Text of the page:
What makes it possible to call a friend with a different cell phone provider or withdraw money securely from another bank's cashpoint? The answer is "interoperability" which refers to the capability of two or more networks, systems, devices, applications, or components to share information. In electric power systems, interoperability means the seamless end-to-end connectivity of different equipment, from power generation to customers.
In the future, direct current (DC) will gradually replace alternating current (AC) in electric grids. Direct current is the preferred technology for moving large amounts of power across long distances. It results in overall higher efficiency and reliability than an equivalently sized alternating current.
The new DC grids will use controls, computers, automation, and new technologies and equipment, all working together. Interoperability is one of the greatest challenges, as a multitude of technologies, systems, and devices need to securely and effectively communicate one with another.
What is the interoperability situation in Europe? We took this question to an expert, Olivier Despouys, R&D researcher at RTE, Réseau de transport d'électricité, Paris, France.
What about European interoperability as it stands now?
So far, Europe's HVDC links have had no interoperability problems because the same supplier was behind them. But for the future DC systems, several converter providers are expected, using different technologies, which will therefore create new interoperability issues.
Does a technology solution already exist for interoperability in Europe?
The recent results observed in the Demonstration 2 of the European project “Best Paths” prove that the existing technology delivered by the main HVDC vendors is not directly interoperable. In other words, converters are not “plug’n’play” or cannot be replaced by one another: some technical adaptations are required beforehand.
One may object that Chinese manufacturers have already delivered interoperable converters in two recent projects (Nan’Ao and Zhoushan).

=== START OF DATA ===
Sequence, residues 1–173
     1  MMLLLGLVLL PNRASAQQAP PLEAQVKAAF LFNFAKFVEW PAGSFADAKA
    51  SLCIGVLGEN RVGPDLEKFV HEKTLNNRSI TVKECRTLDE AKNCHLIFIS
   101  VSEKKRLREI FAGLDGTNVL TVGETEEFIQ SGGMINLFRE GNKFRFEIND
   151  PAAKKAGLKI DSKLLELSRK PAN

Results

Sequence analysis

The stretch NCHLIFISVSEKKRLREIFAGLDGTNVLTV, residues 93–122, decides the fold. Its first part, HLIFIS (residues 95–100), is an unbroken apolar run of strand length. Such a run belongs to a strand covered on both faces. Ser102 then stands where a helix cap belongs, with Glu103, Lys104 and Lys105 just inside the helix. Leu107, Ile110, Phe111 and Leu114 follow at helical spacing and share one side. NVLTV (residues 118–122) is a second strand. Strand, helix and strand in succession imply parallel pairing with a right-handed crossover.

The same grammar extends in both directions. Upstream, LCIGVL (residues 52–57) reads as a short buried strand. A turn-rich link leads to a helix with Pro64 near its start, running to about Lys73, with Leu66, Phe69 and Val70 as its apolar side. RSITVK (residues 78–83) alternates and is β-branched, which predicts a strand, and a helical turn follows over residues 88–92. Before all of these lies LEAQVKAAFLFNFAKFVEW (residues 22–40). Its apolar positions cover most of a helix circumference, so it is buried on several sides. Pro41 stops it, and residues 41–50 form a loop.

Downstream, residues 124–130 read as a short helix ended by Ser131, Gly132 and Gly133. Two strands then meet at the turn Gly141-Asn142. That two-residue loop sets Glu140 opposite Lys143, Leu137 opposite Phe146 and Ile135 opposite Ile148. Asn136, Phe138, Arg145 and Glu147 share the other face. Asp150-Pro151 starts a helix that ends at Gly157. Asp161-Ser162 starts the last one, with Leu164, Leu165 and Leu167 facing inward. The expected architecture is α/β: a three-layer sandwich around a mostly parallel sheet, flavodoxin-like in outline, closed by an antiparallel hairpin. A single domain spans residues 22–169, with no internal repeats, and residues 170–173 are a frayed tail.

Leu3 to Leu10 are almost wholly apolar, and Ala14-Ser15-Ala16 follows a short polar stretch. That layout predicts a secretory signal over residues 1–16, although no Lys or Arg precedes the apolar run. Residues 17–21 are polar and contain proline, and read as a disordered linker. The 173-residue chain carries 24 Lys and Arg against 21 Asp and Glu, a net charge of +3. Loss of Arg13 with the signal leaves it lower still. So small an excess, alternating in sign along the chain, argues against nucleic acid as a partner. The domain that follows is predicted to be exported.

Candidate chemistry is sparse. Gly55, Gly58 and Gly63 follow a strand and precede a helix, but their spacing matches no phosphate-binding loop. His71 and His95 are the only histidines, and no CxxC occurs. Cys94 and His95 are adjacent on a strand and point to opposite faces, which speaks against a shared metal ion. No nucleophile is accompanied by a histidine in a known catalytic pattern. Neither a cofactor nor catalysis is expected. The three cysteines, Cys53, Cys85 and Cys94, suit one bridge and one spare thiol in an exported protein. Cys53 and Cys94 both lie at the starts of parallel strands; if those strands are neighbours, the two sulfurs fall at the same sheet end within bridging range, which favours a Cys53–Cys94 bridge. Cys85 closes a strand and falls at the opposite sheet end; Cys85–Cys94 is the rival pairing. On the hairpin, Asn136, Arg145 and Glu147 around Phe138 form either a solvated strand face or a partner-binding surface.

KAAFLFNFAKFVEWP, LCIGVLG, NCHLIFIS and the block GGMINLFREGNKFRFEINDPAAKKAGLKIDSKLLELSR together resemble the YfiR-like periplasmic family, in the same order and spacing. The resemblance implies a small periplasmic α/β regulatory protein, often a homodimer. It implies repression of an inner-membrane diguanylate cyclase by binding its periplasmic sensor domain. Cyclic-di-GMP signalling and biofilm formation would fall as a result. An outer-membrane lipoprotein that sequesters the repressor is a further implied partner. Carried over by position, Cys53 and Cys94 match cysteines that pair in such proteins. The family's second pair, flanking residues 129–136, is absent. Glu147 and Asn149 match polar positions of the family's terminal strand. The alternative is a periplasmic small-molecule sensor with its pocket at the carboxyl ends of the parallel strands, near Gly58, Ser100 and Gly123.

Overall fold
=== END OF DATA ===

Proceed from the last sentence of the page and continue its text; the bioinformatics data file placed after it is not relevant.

This cannot be transposed to Europe or western countries due to the competitive context. For instance, in the two Chinese projects, a specific manufacturer was in charge of the whole control and protection for all converters delivered by other suppliers; this unique implementation of the control and protection is the key factor which resulted in smooth integration of all system components. However, this kind of set-up is not the expected way forward in western countries where HVDC is a competitive market.
Therefore in Europe, the competitive market makes it difficult for converters to be built by a single manufacturer. But would it at least be possible to reach an agreement between manufacturers to use the same technology?
In the short term, some European HVDC projects are planned, for which staggered extensions are likely to be considered. This would mean that a first HVDC link would be erected with an initial converter supplier for both ends, before the selection of a supplier (possibly a different one) for an extension.
The provision of a converter by a unique manufacturer is not a valid option in the long term as we are thinking of pan-European DC grids (also referred to as “electric highways” or “supergrids”); therefore, a single supplier could be considered for a limited number of converters, but could not be responsible for the provision of all converters in such a massive infrastructure.
Likewise, ensuring that manufacturers use the same technology is impossible in this domain: HVDC technology is still evolving at a fast pace, and the technology currently used is very different from that which was used a couple of years ago. Hence, even if all suppliers could agree on a common technology right now, there is no guarantee that it will remain interoperable.
Therefore, all manufacturers need to concentrate on designs (this is what the researchers from the Best Paths project are doing in the Demo2) and requirements which are expected to minimise interoperability issues if not remove them. They should move towards a standardisation of their products, improving interoperability. This is really a key factor!
Do you think that competition between vendors remains the key problem blocking interoperability in Europe?
Before addressing technical issues, the main difficulty is to deal with the fact that all vendors need to protect their knowledge related to the detailed control and protection used in their converters: the hardware is not the key element, but the algorithms which dictate the behaviour of converters are patented to protect vendor-specific knowledge and prevent competitors using similar techniques.
Therefore, solving interoperability issues would require involved vendors to share their algorithms, which is absolutely impossible. Data or measurement exchange is also very sensitive as it could result in retro-engineering [an attempt to identify the algorithms and parameters used by a competitor, starting from their outputs n.d.r.].
What kind of solution to this problem do you consider possible?
With no legal solution currently available, one way would be to bring in a third party to identify interoperability issues (thanks to control replicas or models delivered by manufacturers) and to suggest adaptations to the relevant vendors. This would avoid any direct relation between competitors.
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